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So here we have a Keres Variation in the Exchange Spanish where Black plays 5... Qd6 in reply to White's 5. Nc3. Typically in the exchange, White will play 5. 0-0 where Black must decide how to defend the e5 pawn. Here, White opts to defend e4 and attack d5 if the pawn on c6 is dislodged instead of hitting at Black directly in the center. Play can be either very positional or very sharp depending on how Black plays the opening.
The major difference that exists between this and the f6 Keres that was posted by another player is that Black has not developed his f pawn to f6, though he still can in many aspects of the game should he decide to.
So, our line we will look at goes like this:
1. e4 e5 2. Nf3 Nc6 3. Bb5 a6 4. Bxc6 dxc6 5. Nc3 Qd6 6. d4 exd4 7. Qxd4 Qxd4 8. Nxd4 Bd7 9. Be3 O-O-O 10. O-O-O.
Here is the diagram showing the ope
White's best chances it would seem, would lie in the following line: 10... Ne7 11. Nde2 Ng6 12. Nf4 Ne5 13. Nd3 Ng4 14. Bf4 Be6 15. f3 Nf6, finally playing Be3 on the 16th move, locking out Black's f6 Knight and limiting the Bishops pair's scope over the board and once exchanges are done, giving White chances at a King side pawn majority. However, playing 16. g4 allows Black to still have some life it would seem and the score changes to Black's favor when his g and h pawns are ready to come down and promote.
A side note to this line, Black found a drawing line in 15... Rxd3 where neither side could claim an advantage even with Black holding the Bishops pair through the whole game.
Our first game will look at White's 16. Be3 move and try to come up with some ways to alter White's strategy to give Black some equality.
Some brief content rules in this forum:
1. please be respectful of each others opinions even if they vary.
2. If you use an engine for any analysis, please provide the details and parameters used to obtain your analysis and the engine used.
All lines and games presented here are from the website 365chess.com. All moves are considered as best moves in highest amount of games played with best percentages being picked for both sides with at least 10 games played until the postitions are pared down to one or two specific lines and the resulting games examined. Feel free to suggest a move from move 6 onwards for consideration of posting and i will do my best to put a few different games in showcasing that particular line or move if it is available to download. Also, feel free to post some of your own games from this opening as well with annotations if possible so we can see how mere mortals approach the handling of this variation.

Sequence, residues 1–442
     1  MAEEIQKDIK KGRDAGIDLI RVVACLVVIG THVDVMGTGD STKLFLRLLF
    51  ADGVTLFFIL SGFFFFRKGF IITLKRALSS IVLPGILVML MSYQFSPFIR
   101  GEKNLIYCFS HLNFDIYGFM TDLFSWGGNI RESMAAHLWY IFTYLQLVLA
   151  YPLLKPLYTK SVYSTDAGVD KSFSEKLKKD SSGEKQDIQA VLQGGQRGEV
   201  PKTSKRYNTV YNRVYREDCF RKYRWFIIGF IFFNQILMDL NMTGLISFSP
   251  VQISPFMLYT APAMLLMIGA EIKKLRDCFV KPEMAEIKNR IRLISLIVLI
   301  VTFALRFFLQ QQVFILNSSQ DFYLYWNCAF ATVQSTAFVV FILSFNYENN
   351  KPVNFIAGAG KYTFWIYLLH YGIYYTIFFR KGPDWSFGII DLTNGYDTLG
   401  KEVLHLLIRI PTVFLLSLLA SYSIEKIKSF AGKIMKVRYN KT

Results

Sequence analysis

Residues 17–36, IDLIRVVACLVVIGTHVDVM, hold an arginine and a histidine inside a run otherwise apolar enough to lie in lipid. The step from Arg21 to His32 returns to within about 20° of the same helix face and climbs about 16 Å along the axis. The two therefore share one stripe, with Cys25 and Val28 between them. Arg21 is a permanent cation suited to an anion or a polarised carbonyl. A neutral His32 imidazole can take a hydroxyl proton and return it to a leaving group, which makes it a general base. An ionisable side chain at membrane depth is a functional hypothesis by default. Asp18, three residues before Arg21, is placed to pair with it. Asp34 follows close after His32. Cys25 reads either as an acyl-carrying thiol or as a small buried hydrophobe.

Also of note is this line in response to 5... Qd6 that might be worth looking at:
1. e4 e5 2. Nf3 Nc6 3. Bb5 a6 4. Bxc6 dxc6 5. Nc3 Qd6 6. d3 Ne7 7. Be3 c5 which scored well for Black in the game Mastrovasilis(2435) vs. Thorfinnsson (2220), 2001, 0-1
So here is a blitz championhip game played on icc.com in 2002 between Dragan Solak and Viktor Mikhailevski which showcases the 16. Be3 move. Solak goes on to win in this match yet when playing 16. g4 in the second game, loses as well.
Here, White's Kingside pawn majority won out in the ending. White might have had a better time of it if he had played 9. Bf4 but as the text shows, this was a very tough struggle to achieve a superior position for most of the game.
Questions on this game:
1. How well does White fare if 9. Bf4 instead of 9. Be3?
2. How much difference did the Knight play in the opening for Black and were there any resources for White to limit the traveling of this piece?
3. Could Black have played better than allowing White to transfer his c pawn over into a 5 v 4 pawn majority and if so, where?
Please justify your analysis on the merits of the position and what would appear to be the best moves for both sides and not merely an opinion as to what "looks good." Also, please cite any references you might use so that others who are interested might look into these ideas as well.
The next game in the thread will demonstrate what really goes wrong with White playing 16. g4 in the same line.
A small point - what is the evidence for naming this 5 Nc3 the Keres variation? I can find no games in which Keres played this line with White. By the way this is not the only suspect naming of a line on chess.com.
1.g4 d5 2.Bg2 c6 3.c4 dxc4 4.Nc3 this line also, but you won't find any games, from what I've heard by correspondence
Yes, Chigorin variation would be more suitable. Here's the oldest game Chigorin-Schiffers (1879):
As for 5...Qd6, the oldest game is Wolf-Janowski (1907):